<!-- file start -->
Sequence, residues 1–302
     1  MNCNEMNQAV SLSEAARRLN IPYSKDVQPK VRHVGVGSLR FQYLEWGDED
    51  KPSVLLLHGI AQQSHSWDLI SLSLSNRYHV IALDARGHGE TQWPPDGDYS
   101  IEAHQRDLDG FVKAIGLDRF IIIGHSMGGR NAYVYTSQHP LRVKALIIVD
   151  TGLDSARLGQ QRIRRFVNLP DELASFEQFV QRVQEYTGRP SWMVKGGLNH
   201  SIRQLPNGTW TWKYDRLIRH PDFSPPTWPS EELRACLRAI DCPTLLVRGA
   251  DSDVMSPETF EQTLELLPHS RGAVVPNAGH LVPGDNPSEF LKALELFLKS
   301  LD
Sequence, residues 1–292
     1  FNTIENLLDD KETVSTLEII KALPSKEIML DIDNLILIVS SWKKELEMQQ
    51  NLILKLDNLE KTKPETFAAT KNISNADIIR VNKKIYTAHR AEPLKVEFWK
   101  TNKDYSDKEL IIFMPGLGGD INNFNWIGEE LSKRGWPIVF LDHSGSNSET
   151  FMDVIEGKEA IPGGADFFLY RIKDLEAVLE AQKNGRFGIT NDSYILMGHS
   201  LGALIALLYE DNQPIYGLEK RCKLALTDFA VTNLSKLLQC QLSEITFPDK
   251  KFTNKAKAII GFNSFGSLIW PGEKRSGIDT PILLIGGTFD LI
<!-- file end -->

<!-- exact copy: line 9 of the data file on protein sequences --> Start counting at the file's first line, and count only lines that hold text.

Sequence, residues 1–292